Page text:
Dan here, dkanalytics.com editor. It is Sunday, April 5th, 2020.
Allow me to draw your attention to an April 3rd comment exchange between a youtube subscriber to my channel, Mike, and myself. I will add some food-for-thought links at the bottom of the page that relate to my comments. Sage subscriber Mike wrote the following in the comments section of my youtube micro channel — also “creatively” (not!) called dkanalytics. Here goes:
Thanks Dan. I did watch the Jay video and I also discussed this virus with my brother (the immunologist). He advised that the problem with this virus is the speed of transmission which is not fully understood. He mentioned that the advisors to the government are also the same people who would be caught very shorthanded with a medical system unable to cope.
The basic (and belated) idea is to slow the infection rate through social distancing so that hospitals will cope better over a more drawn out period. If not, overwhelming numbers of presenting pneumonia patients will die at a greater rate along with the very many usual IC patients.
It hasn’t been handled well from the outset and vested interests are milking this crisis for all its worth, as you say. South Korea led the way very early in this crisis and provided an excellent model for all the countries that are now suffering. But did anyone else take it seriously from the get go ?. Short answer, no. Very good content. Thanks again.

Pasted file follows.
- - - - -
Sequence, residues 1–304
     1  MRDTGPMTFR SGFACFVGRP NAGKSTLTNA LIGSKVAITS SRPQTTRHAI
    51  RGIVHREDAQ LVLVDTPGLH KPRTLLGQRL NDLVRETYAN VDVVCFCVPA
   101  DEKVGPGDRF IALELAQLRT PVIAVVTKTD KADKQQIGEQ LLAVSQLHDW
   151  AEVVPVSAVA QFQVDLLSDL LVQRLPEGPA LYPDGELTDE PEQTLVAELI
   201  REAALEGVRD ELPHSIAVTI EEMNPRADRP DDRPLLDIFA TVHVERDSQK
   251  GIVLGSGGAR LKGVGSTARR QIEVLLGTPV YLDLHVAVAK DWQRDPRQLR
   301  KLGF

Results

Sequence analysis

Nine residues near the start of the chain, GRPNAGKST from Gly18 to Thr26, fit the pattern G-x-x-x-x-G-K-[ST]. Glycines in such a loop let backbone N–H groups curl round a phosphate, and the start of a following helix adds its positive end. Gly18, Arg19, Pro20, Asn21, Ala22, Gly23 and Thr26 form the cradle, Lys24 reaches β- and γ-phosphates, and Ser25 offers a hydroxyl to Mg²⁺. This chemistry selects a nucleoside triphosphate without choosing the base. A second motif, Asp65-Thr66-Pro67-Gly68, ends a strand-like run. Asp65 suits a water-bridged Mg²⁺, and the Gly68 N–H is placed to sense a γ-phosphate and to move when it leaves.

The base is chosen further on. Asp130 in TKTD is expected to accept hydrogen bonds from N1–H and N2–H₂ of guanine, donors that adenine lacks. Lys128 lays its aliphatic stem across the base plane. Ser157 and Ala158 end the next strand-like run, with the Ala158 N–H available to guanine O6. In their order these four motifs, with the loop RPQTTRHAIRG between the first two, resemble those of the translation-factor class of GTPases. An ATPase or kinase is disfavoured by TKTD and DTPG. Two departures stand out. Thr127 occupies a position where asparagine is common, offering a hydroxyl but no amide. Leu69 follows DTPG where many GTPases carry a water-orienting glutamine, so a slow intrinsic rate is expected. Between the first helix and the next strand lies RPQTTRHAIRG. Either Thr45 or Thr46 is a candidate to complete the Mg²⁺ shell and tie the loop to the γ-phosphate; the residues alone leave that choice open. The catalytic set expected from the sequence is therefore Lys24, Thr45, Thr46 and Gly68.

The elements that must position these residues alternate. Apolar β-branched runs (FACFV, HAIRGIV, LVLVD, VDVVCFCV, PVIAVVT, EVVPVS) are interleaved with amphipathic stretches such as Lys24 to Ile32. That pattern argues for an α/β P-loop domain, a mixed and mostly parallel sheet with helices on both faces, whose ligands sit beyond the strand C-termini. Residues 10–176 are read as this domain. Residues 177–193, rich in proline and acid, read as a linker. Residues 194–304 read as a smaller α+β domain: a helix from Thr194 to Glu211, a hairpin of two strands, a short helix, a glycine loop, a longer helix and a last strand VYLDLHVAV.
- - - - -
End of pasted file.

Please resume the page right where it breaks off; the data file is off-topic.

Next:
Thanks a lot, Mike. And thanks for sharing the invaluable insight gleaned from your immunologist brother. Thanks too for confirming the rapidly spreading nature of the disease. Obviously, this is very difficult to contain — and then to deal with, at the institutional/healthcare level. A German immunologist that I listened to also addressed this aspect. He made two remarks that stuck in my mind. First, people intuitively avoid social gatherings when they are sick or feel sick — especially when influenzas are paying their “seasonal visits.” Second, overwhelmed hospitals in both Italy and Spain are largely the result of creaky infrastructure, lacking equipment, poor planning, very poor hospital sanitation, and (at least in Italy) an older population that is already “compromised” and practices poor hygiene. As a result, Italian hospitals quickly became overwhelmed (happening in NYC as well, for similar reasons and given the “global city” nature of the place), sharply increasing the overall death rate from all kinds of ailments in the process. That same immunologist mentioned that German hospitals, with spare capacity (about a week ago), were taking very ill patients from Italy and Spain, and still had excess capacity. FL governor DeSantis recently issued more decrees to (relatively) modestly reduce freedom of movement, while mentioning that FL hospitals — in aggregate — were in a very good position in terms of beds and ventilators, but that Florida would only take ill Floridian cruise ship passengers while arranging for pickups (I believe with the Coast Guard) of non-resident foreign nationals by their respective country governments.